Every once in a while I get asked a variation of the same question. “Viktor, how do we create a learning culture in our company?” In most cases, my answer receives a bad reception. The short version of it is to “stop doing what you’re doing, and get out of the way.”
Engineers love learning. Most of us became engineers because we like to “play” with tech. And yet, people in many organizations complain that they are not allowed to innovate and that they don’t have time to learn. If my statement that engineers are playful kind of people, lack of innovation cannot be attributed to them, so we need to look for causes somewhere else.
Any system that intends to be fully automated and self-sufficient must be capable of self-healing and self-adaptation. As a minimum, it needs to be able to monitor itself and perform certain actions both on service and infrastructure levels.
Two axes can represent the set of actions a system might execute. One group of actions be represented through the differences between infrastructure and services. The other axis can be explained by the type of activities, with self-healing on one end, and self-adaptation on the other.
Let’s face it. The systems we are creating are not perfect. Sooner or later, one of our applications will fail, one of our services will not be able to handle the increased load, one of our commits will introduce a fatal bug, a piece of hardware will break, or something entirely unexpected will happen.
How do we fight the unexpected? Most of us are trying to develop a bullet proof system. We are attempting to create what no one did before. We strive for the ultimate perfection, hoping that the result will be a system that does not have any bugs, is running on hardware that never fails, and can handle any load. Here’s a tip. There is no such thing as perfection. No one is perfect, and nothing is without fault. That does not mean that we should not strive for perfection. We should, when time and resources are provided. However, we should also embrace the inevitable, and design our systems not to be perfect, but able to recuperate from failures, and able to predict likely future. We should hope for the best but prepare for the worst.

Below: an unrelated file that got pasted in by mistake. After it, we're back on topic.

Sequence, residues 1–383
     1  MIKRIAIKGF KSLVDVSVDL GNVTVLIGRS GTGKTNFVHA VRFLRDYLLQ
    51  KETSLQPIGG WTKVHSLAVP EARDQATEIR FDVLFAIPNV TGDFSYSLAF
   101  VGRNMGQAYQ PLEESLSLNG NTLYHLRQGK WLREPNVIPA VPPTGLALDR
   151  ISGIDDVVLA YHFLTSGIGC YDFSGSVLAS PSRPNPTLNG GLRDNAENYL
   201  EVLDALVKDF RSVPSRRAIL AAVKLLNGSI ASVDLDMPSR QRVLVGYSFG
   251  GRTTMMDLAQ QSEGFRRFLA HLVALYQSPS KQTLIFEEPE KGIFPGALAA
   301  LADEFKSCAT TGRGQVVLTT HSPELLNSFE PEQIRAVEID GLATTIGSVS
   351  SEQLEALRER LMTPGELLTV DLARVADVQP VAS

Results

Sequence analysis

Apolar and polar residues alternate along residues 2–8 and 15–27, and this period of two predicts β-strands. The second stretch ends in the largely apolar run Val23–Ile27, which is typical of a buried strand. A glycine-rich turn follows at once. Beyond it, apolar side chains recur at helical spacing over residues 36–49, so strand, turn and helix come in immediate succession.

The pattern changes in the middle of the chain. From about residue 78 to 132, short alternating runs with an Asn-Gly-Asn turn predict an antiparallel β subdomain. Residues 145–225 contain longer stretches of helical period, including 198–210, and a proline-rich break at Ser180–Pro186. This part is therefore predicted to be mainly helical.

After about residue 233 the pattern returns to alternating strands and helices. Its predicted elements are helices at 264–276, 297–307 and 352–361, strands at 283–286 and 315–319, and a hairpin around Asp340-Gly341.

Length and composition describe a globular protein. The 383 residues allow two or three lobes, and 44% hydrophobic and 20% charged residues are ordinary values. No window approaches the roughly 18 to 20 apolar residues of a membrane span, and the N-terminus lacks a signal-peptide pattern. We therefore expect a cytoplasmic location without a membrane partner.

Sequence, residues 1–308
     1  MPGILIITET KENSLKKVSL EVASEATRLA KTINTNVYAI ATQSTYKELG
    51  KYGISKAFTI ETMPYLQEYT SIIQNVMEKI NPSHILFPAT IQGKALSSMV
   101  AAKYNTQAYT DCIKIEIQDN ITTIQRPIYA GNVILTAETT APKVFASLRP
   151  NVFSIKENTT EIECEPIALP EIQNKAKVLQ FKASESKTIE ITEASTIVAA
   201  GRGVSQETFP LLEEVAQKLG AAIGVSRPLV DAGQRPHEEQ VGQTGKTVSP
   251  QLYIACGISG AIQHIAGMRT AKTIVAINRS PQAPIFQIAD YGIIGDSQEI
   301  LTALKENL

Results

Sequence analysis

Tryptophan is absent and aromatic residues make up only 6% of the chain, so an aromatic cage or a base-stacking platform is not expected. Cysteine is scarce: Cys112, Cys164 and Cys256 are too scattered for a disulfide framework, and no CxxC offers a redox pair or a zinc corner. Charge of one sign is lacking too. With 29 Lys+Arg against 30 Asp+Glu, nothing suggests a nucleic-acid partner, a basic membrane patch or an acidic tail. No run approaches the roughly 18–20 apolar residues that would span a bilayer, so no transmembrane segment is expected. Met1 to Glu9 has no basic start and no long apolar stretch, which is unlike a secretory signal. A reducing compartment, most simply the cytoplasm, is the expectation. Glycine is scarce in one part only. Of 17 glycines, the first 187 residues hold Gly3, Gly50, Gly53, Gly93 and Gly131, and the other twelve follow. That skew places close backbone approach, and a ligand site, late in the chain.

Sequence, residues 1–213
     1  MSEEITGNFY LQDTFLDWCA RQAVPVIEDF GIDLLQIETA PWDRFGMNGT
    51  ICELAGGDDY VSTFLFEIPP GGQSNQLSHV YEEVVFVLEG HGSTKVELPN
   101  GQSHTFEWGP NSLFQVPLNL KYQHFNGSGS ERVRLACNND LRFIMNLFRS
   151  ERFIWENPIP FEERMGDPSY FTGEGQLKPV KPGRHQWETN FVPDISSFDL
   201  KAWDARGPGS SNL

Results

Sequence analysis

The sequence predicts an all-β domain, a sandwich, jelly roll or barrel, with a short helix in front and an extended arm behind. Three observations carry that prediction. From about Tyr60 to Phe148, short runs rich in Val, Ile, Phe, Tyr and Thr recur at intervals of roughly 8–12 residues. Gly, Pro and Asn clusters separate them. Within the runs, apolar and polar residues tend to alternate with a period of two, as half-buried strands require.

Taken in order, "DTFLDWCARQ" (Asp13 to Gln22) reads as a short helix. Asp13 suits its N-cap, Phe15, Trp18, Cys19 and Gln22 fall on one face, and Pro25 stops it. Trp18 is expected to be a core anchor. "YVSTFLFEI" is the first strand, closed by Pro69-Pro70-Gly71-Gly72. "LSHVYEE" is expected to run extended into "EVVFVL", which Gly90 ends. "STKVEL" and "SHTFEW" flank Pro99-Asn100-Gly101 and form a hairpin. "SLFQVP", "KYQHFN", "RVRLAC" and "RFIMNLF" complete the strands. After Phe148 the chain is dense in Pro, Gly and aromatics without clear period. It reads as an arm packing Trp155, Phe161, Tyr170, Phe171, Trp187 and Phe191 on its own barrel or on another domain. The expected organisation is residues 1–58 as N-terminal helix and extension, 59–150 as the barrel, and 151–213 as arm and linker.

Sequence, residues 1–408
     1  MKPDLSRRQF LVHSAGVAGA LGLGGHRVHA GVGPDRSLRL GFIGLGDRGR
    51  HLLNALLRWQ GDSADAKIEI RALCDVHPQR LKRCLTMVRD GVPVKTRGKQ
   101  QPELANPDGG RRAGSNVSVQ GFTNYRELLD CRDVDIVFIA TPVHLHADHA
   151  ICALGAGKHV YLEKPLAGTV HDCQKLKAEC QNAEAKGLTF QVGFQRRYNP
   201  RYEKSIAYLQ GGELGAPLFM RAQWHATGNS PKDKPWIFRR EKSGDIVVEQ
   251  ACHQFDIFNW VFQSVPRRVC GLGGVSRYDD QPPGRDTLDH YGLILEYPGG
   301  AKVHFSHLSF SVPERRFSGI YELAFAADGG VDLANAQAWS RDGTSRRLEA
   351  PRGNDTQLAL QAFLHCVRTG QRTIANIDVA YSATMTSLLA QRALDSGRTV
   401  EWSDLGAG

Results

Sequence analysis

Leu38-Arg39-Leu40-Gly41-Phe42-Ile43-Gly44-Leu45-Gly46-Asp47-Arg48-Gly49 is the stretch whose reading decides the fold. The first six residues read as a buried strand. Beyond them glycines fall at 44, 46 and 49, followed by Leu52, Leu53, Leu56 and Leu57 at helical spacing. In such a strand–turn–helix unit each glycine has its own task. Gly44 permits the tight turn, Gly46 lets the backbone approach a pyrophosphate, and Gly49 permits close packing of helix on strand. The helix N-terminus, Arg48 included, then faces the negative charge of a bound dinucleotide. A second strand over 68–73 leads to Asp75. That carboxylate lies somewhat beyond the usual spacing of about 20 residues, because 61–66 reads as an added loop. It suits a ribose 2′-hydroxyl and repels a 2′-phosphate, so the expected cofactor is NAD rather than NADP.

If you are using Windows, please make sure that Git is configured to use “Checkout as-is”. This can be accomplished during the setup by selecting the second or third option from the screen depicted below. Also, if you do not have SSH installed, please make sure that [PATH_TO_GIT]\bin is added to your PATH.
This article will try to compare GitHub, GitLab and BitBucket Server (previously called Stash) installed on your own servers. Similar comparison of cloud offerings is outside the scope of this article. I won’t try to go feature by feature in some kind of a table so that you can count who has more features. I find that approach often misleading even though it’s very commonly used among companies (especially where there is a software architect around). Instead, I’ll give my opinionated view.
Google is one of the biggest, the coolest and the most profitable companies in the world. Probably the main reason for being at the top is their ability to innovate continually. According to Gopi Kallayil there are 9 core rules that drive Google’s innovative culture:
- Innovation comes from anywhere
- Focus on the user
- Aim to be ten times better
- Bet on technical insights
- Ship and iterate
- Give employees 20 percent time
- Default to open processes
- Fail well
- Have a mission that matters